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Newmarket Lions' Santa Fund bringing Christmas cheer to families in need

“Last year we got 1,000 people ... this year we are giving out 385 vouchers to 1,200 at a cost of $38,000," said Kirby Brock.
2020-12-10 santa fund ASH-1
Santa Fund co-chairs and married couple Sylvia and Kirby Brock in front of the storefront that will be used for distribution at Newmarket Plaza. Alan S. Hale/NewmarketToday

The Newmarket Lions Club will begin distributing food cards and other gifts to local families in need this week as part of its annual Santa Fund.

This year, 1,200 Newmarket residents have registered for assistance.

The program to help support families during the Christmas season originally began during the Second World War.

“When the men were overseas fighting the war, the Newmarket Lions started the Santa Fund to give out gift baskets to their wives and children at Christmastime. It has expanded since then,” said Kirby Brock, Santa Fund committee co-chair.

“Last year, we got 1,000 people ... this year we are giving out 385 vouchers to 1,200 at a cost of $38,000."

The program provides food vouchers ranging from $50 for individuals to $150 for families. In the past, the food vouchers were worth a maximum of $100, but this year it was decided to increase it because of the economic hardship caused by the COVID-19 pandemic.

“We are fortunate to have the funding available to be able to step it up this year,” said Brock. “Because of COVID-19 and the number of people who have been laid off, we decided we should do as much as we can.”

The program is supported by 140 donors in the community.

On top of the vouchers, recipients will also receive a family dental kit containing toothbrushes and other items, as well as a tin of Christmas cookies. Children under 12 years old get a loot bag filled with things like books, toys, and colouring materials.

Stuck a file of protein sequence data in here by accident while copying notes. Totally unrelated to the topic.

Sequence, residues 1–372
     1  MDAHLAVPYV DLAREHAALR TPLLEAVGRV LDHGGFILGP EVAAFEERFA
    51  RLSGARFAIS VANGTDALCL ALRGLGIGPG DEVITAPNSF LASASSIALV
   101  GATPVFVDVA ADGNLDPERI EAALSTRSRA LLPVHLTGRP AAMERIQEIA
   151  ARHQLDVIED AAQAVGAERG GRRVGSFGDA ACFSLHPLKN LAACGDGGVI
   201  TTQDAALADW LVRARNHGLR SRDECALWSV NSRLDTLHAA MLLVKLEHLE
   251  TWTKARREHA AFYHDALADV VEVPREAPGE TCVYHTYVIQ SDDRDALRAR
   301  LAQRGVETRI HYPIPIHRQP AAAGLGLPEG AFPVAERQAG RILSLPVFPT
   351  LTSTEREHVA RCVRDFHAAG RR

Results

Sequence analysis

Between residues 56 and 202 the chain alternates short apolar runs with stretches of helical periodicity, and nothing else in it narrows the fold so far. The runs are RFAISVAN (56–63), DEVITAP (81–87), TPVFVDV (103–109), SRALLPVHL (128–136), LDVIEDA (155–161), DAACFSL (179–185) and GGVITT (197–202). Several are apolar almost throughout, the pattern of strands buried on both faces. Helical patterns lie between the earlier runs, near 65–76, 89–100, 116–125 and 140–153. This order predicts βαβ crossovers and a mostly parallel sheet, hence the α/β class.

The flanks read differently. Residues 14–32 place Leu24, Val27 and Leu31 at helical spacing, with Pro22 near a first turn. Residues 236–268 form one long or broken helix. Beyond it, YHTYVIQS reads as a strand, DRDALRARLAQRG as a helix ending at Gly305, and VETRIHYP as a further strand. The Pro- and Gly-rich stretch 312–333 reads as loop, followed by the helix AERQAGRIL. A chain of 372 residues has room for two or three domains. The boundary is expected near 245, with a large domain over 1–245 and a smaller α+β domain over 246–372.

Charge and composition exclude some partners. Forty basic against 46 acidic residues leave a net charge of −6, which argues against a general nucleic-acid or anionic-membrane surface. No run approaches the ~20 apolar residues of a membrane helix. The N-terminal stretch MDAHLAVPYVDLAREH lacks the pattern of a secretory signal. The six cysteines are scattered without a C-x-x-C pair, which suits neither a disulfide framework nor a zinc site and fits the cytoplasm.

Recipients are also being encouraged to go to the Newmarket Food Pantry, which has a program to provide a ham or turkey for Christmas dinner.

The Salvation Army has already forwarded the list of registered families and distribution will take place on Monday and Tuesday at a storefront at Newmarket Plaza, which was donated for the Lions to use by Delcom Management Services.

Because of the pandemic, some changes had to be made other than the value of the vouchers. For instance, the Lions Club has obtained permission from York Region Public Health to do the program this year.

“Everything is hugely different this year. We must have PPE, plexiglass, air purifiers, that sort of thing. We’ll have lines and people outside to greet them and make sure everyone is comfortable. We’re also trying to keep it down to 15 people per hour, with only two people inside at a time,”

Eighteen club members will be tasked with calling each family and giving them a time to show up at the storefront to pick their items.

“Everyone has to come by appointment this year. We used to say just come in the morning or come in the afternoon,” said Brock.

After the distribution is finished this week, the Lions will be making deliveries of vouchers for two other community groups who have asked for assistance for their own efforts to support 75 impoverished families this Christmas.



Alan S. Hale

About the Author: Alan S. Hale

Alan S. Hale is a reporter for
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